Grab your Extra Ginger Beer, or whatever your fuel of choice is, and follow along after the break to see how RoM has progressed into the great game it is now.
Problems, What Problems?
Every MMORPG has its issues, but RoM hardly had anything beyond unbalanced classes and bugs which they've weathered with gusto -- certainly nothing newsworthy. Veterans might remember the great mage nerf, a much-needed class balance to reduce a deadly one-hit wonder that resulted in a day of players mourning in world chat: "RIP Elemental Catalysis."
Or perhaps a bigger issue that affected all classes was the old PK system. Spawn camping was rampant and lead to an overabundance of higher level players camping lowbies, and guilds pinning opponents down so they basically couldn't play the game. The developers responded to player concerns by adding the well-known invincibility buff that protected characters long enough to get away from any would-be griefers. A forced ten minute cooldown was also given up allowing players to enter and exit PK at will.
The Arcane Chamber of Sathkur is a low level dungeon that hasn't worked for most of the year. It might have benefited from a little advertising, but the fix was included in some patch notes, effectively adding another instance for groups around 15-20.
And while PvP has seen a number of additions like capture the flag, three vs. three, six vs. six, and a tower defense-styled game, it's still in need of level balancing to this day. Players of all levels randomly being queued for the same match is a problem that needs to be fixed if battlegrounds are going to be used by more than the highest-leveled players. I think it could also go a long way toward adding more value to equipment of all levels, as well as to bolster the economy through the incentive to create twinks.
Technically, the game's seen graphical and server upgrades throughout the year. Not long after launch, water had a face-lift which made its previous colorful stylized waves much more realistic. An improved graphics engine was used to build new zones and clean up old ones. As for those servers? They've been upgraded or enhanced a handful of times, but admittedly there's still more room for reducing lag.
While all of these concerns are confined to the virtual world, there are complaints that the client is a slow, bloated download. Frogster released information some time ago that they planned to release a streaming client, but there's been no recent news or sightings of it.
Give Me MOAR!
What better way to stay in the minds of the MMORPG community than releasing content on a regular basis? Just when one update becomes old news, another is announced further keeping RoM in the spotlight and player numbers growing. Four zones filled with more quests, new dungeons, a raised level cap and a new race with two new classes to explore it with has kept everyone fed with something new to see when they log in.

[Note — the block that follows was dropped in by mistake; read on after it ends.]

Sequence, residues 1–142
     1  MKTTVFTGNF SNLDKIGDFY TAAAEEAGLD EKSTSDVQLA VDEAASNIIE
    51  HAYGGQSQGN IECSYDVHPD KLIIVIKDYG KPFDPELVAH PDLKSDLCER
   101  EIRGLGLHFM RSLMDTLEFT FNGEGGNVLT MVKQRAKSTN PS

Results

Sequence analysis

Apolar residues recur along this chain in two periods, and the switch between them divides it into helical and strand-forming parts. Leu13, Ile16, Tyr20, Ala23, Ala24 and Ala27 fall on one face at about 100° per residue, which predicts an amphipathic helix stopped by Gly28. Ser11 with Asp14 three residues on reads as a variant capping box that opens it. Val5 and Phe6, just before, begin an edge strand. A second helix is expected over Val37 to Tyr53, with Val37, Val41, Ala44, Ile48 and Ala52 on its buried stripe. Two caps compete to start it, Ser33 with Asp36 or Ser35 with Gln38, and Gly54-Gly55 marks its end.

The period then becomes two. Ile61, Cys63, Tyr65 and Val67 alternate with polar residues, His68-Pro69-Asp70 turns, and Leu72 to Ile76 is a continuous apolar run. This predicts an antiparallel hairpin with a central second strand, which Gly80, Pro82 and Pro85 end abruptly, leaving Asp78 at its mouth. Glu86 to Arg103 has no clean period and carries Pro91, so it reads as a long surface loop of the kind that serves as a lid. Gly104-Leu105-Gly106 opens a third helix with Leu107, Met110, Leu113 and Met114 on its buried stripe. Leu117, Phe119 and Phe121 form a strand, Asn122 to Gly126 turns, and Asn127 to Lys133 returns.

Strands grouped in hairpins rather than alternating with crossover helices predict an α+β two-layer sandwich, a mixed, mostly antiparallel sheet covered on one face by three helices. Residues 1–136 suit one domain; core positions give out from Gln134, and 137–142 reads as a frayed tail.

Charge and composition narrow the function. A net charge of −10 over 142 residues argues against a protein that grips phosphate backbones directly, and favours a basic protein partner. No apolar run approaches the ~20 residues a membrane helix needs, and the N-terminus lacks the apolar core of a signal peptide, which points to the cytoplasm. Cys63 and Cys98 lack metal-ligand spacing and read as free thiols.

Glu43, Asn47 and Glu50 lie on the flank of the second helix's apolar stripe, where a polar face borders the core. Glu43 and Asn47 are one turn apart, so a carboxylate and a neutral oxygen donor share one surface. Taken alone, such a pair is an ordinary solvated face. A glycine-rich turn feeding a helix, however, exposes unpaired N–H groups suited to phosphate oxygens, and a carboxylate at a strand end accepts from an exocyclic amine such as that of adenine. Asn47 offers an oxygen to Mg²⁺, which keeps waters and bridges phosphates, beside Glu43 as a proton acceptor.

But RoM added many of its own interesting features that didn't simply offer more progression-based content, but expanded the game horizontally, adding hours of additional gameplay without the need to gain levels. This horizontal gameplay is most evident in the player housing instituted at launch. The ever-expanding list of furniture and the addition of a houseplant growing system provides untold hours of non-level grinding fun.
Some players might not see crafting as a horizontal game activity but I think it fits the bill with RoM allowing you to level any profession independent of your character. The systems been improved a couple times: once to change node harvesting from multi-click to single-click. This prompted a wave of cheers from crafters nursing sore wrists, and later improvements to the crafting interface gave crafted wares a chance to have higher grade levels, higher durability and additional rune slots.
Sprinkled throughout Taborea are the ever-growing number of mini-games for players of all levels. Five of these (if you count Windrunner Race) small instances have been added so far, providing fun and rewarding adventures that either scale to a player's level, or require puzzle-solving and skill-based tactics. While they aren't under Frogster's definition of mini-game, there have been a few public encounters and a whopping 150-player not-so-mini group instance released alongside the newer zones.
To Lands Yet Undiscovered
RoM has had a tremendous year! Will they be able to grow beyond the current three million players? With the news already out that Chapter III: The Elder Kingdoms will be bringing a smorgasbord of new features and content, as well as further news of integrated voice chat on the way, the answer seems a firm "Yes." Coming up with solutions to a cumbersome download and doing more to reduce lag could go along way toward keeping minor annoyances from turning into major ones. But no matter what, RoM's future looks bright.